Cornell is considering reviewing the financial needs of transfer students as part of the application process, admitting more international students who do not need financial aid and graduating students with more debt, according to more than 30 pages of internal documents obtained by The Sun.
The task force behind the possible changes — named the Admissions and Financial Aid Working Group — includes several top administrators, college deans and a few undergraduate representatives. The AFAWG has been meeting monthly since the fall and discussing possible ways to lessen Cornell’s cost of providing financial aid to students.
The AFAWG is considering nine possible options, including raising the number of admitted international students who will receive no financial aid, according to documents from their January and February meetings.
The text of this recommendation states that Cornell could raise or lower the number of no-aid international students accepted, depending on how much revenue the University wanted to make.
Last year’s announcement of the upcoming change to international admissions policy from need-blind to need-aware generated controversy among students. Yet one of AFAWG’s recommendations is to take a step further and make transfer admissions need-aware as well.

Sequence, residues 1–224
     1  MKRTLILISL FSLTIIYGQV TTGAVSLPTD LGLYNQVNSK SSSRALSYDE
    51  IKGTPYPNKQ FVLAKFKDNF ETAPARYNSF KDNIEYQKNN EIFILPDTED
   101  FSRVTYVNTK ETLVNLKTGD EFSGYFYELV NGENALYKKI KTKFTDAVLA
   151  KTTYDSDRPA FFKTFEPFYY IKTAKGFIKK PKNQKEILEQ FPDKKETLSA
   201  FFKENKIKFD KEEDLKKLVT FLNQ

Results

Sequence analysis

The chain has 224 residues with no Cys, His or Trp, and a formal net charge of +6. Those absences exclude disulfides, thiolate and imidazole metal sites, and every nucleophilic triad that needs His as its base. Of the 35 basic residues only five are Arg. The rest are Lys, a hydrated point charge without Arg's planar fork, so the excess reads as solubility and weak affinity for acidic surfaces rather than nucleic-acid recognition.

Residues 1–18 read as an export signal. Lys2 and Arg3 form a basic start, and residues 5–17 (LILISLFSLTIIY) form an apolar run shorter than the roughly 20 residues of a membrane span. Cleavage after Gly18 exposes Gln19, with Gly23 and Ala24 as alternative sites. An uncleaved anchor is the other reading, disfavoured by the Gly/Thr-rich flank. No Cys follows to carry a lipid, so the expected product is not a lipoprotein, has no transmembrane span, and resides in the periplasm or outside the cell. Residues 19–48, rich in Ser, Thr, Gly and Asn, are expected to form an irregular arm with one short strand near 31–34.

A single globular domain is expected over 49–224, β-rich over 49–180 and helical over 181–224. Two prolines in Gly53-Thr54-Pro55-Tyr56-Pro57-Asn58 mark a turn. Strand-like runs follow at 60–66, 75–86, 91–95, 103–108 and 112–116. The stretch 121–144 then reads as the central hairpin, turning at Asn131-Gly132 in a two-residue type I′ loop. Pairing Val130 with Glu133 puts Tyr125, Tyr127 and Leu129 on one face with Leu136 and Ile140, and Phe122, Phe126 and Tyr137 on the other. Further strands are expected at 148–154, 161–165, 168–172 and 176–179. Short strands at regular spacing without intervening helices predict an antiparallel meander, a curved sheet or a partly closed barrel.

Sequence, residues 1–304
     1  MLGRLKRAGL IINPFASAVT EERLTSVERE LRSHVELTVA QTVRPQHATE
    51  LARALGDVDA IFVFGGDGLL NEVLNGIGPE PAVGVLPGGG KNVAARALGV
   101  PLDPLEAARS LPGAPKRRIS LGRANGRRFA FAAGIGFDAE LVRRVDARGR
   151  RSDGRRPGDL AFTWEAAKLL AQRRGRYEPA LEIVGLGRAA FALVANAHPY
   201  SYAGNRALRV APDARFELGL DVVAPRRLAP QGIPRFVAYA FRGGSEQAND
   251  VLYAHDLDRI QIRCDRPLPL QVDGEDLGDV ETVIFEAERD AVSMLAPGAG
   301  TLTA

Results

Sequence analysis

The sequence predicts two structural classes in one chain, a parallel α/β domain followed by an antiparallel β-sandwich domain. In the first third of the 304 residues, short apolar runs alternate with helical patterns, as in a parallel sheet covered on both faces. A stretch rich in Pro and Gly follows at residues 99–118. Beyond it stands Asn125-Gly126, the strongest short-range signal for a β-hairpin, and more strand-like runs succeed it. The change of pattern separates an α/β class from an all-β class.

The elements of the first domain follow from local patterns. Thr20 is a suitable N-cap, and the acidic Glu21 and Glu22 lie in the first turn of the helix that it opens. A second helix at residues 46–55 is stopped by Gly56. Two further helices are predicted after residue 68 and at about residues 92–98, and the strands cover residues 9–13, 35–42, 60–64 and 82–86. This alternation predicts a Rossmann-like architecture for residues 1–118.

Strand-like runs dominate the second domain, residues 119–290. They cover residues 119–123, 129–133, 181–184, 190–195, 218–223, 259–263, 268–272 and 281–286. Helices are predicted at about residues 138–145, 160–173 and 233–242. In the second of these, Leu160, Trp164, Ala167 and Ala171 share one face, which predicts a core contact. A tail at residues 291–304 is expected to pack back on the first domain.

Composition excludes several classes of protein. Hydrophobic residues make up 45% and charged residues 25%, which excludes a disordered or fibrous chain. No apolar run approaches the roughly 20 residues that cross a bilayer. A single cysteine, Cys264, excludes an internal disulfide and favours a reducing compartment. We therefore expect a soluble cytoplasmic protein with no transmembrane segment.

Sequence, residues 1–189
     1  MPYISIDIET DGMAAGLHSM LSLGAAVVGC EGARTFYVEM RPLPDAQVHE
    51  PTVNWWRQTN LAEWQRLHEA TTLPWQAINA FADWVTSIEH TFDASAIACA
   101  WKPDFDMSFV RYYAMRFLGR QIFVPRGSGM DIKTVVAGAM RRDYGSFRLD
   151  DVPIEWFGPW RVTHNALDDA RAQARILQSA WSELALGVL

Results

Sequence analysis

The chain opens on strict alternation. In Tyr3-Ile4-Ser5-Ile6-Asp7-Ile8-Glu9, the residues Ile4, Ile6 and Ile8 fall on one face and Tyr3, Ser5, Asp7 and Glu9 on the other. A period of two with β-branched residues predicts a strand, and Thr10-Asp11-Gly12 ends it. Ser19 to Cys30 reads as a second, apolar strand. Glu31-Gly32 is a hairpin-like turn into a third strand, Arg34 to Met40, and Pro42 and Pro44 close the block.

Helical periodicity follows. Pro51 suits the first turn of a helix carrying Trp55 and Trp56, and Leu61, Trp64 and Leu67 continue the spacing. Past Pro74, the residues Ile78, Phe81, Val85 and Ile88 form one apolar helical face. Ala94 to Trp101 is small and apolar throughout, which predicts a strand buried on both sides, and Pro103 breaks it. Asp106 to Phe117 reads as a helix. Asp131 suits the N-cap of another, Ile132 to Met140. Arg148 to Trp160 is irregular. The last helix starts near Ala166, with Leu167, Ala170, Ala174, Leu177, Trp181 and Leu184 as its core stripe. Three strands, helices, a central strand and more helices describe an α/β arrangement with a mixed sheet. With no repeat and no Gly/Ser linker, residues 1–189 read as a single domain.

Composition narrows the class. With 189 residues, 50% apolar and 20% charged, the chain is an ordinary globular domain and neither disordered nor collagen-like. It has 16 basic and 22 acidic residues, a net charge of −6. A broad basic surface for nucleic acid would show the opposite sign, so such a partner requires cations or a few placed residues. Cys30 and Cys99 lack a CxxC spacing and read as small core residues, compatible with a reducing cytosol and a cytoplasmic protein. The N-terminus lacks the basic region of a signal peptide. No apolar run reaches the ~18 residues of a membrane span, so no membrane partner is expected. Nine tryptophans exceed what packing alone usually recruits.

AFAWG documents also include two recommendations to change loan policy. One suggests changing the no-loan cutoff — the level of family income below which students will not receive loans — from $60,000 to $45,000 and increasing the maximum annual loan from $0 to $2,000 for those that are affected. The change would affect around 650 students and save about $1.3 million in grant-aid for the University, according to the document.
The other option lists a variety of changes that could be made to income cutoffs for maximum loan levels and maximum loan levels themselves, in effect increasing the amount of debt that students take on.
Barbara Knuth, dean of the graduate school, chairs AFAWG and was the only person on the committee to accept The Sun’s request for comment. In an interview with The Sun, Knuth said that although the documents use the word “recommendations,” she believes they are better thought of as “options,” since the group will not necessarily be recommending them.
She said that the recommendations will be presented to the provost as a “contingency plan” for a potential scenario like the economic downturn in 2008, when Cornell had to give grant-aid to more than 50 percent of its undergraduate students, much higher than the normal 42 to 44 percent.
“That’s not sustainable,” she said, referring to 50 percent figure. “That’s where we don’t have enough tuition resources coming in to be able to cover the expenses of providing grant aid to that number of students.”